Lower vertical shafts 15 and 24 are lightly spring loaded upwardly by two coil springs 50 and 51, respectively, located beneath the lower ends of shafts 15 and 24.
Referring to FIGS. 2 and 3, the operation of handle 12 and its associated vertical shafts 14 and 15, is described, but it is to be understood that the operation of handle 22 and vertical shafts 23 and 24 is identical but of an opposite hand.
In FIG. 2, door 11, as illustrated in FIG. 1, having two sides and 61 in parallel, spaced apart relationship, slideably supports a shaft 62 therethrough. Two disciform push buttons 63 and 64 are axially attached, one at each end, to shaft 62, the distance between the inner faces of push buttons 63 and 64 and their adjacent sides 60 and 61 of door 11 being substantially equal.
Shaft 62 and push buttons 63 and 64 constitute handle 12. The diameter of shaft 62 is reduced at the midway position, forming a V-groove 65.
A hemispherical notch 66 is formed substantially centrally in the lower end of upper vertical shaft 14, to rotatably receive a ball 67. The lower surface of ball 67 rests in the crotch of groove 65. A notch 68 is similarly formed in the upper end of lower vertical shaft 15 and rotatably supports a ball 69. The: upper surface of ball 69 is also in contact with the crotch of groove 65. Shafts 14 and 15 are slideably retained between walls 60 and 61 of door 11.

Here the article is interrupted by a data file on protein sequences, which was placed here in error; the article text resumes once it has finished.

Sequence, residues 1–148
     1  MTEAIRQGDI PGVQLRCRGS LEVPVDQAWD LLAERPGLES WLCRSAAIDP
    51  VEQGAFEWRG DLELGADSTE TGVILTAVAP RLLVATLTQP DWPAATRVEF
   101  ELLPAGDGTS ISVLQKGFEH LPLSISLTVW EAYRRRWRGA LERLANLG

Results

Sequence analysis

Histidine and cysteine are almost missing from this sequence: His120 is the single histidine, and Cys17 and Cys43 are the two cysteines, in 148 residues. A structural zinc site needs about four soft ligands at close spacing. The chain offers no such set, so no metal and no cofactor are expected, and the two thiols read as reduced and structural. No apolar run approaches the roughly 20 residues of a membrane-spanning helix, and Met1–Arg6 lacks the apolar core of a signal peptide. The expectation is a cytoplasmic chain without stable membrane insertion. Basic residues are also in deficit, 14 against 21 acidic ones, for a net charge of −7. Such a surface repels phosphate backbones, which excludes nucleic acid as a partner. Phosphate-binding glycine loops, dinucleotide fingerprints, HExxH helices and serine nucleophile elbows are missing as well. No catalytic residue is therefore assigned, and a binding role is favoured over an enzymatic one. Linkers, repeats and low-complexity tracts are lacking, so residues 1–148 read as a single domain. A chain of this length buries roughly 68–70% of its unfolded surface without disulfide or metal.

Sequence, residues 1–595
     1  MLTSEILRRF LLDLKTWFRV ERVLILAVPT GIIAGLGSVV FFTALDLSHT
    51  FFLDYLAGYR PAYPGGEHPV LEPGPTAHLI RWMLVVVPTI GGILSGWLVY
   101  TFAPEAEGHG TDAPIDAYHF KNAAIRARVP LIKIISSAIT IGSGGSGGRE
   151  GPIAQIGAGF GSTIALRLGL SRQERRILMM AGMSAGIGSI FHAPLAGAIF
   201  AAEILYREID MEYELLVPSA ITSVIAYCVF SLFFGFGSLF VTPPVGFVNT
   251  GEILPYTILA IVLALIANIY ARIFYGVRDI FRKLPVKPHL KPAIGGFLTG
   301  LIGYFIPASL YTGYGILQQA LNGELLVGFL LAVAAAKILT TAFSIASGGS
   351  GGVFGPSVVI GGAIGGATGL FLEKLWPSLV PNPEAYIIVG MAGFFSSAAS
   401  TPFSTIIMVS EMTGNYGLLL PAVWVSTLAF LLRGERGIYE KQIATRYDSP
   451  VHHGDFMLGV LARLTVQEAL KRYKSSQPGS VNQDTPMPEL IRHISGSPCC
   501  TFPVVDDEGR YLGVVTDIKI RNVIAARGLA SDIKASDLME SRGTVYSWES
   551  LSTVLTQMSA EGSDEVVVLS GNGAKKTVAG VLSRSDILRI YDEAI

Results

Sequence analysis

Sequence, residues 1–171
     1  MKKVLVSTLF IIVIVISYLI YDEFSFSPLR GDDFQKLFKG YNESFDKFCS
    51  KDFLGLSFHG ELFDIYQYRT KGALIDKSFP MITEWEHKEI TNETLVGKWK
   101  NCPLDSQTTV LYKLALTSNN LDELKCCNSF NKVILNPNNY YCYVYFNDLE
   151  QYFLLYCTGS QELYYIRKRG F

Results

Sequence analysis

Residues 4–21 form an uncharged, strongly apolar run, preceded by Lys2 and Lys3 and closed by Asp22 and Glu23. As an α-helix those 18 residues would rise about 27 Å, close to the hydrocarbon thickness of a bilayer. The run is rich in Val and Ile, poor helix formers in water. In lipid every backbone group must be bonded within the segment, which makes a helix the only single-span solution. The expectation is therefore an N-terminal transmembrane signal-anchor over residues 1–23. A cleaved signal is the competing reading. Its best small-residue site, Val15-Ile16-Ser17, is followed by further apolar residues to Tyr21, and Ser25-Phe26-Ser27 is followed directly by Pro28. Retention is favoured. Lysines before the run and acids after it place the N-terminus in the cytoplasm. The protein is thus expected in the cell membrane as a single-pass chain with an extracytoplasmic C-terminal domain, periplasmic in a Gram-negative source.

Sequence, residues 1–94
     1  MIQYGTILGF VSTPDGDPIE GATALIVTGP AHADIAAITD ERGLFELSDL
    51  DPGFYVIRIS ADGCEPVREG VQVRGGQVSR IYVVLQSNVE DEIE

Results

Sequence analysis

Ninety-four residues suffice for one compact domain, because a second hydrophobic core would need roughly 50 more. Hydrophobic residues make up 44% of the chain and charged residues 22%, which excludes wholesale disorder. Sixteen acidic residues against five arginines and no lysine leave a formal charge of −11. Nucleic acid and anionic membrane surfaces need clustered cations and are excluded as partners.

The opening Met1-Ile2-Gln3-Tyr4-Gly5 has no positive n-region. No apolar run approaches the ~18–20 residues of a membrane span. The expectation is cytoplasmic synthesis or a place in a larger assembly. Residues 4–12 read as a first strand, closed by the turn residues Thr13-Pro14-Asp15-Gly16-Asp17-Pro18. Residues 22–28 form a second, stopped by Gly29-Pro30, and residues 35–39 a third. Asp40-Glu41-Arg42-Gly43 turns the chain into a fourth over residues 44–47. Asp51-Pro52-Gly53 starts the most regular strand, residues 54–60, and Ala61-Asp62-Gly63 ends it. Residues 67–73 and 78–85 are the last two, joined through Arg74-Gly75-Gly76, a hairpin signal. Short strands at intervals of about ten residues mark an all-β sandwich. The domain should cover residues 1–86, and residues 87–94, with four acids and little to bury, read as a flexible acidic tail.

Referring to FIG. 3, a push button 64 has been pushed towards door 11, causing an axial movement of shaft 62. Balls 67 and 69 have been pushed outwardly by the tapered walls of groove 65, thereby translating horizontal movement of shaft 62 into vertical movement of shafts 14 and 15. Upon release of pressure from push button 64, the weight of horizontal shaft 14 acting downwardly combined with the pressure from spring 58, as illustrated in FIG. 1, acting upwardly on shaft 15, causes pressure on balls 67 and 69 respectively to reverse the action and centralize shaft 62.
Referring to FIGS. 4 and 5, the action of pivot assembly 36 in conjunction with upper vertical shaft 23 and end 32 of upper horizontal beam 38 as illustrated in FIG. 1, is described, but it is to be understood that pivot assemblies 39, 46 and 49 and their associated mechanisms are identical, with the exception of the automatic return devices which are peculiar to the upper pivot assemblies 36 and 39 only.
In FIG. 4, upper vertical shaft 23 is located in its lowest position, the lower end being in an identical position to that illustrated in FIG. 2, the upper end having notch in spaced apart alignment with notched end 32 of beam 30, ball 27 being contained therebetween.
Pivot assembly 36 comprises a cylindrical pin 75, having an upper end 76 and a lower end 77. Two diametrically opposed lugs 78, extend radially outwardly from the upper end 76 of pin 75. Lower end 77 of pin 75 terminates in a substantially rectangular block 79, a shoulder 80 being formed between lower end 77 of pin 75 and the upper surface of block 79.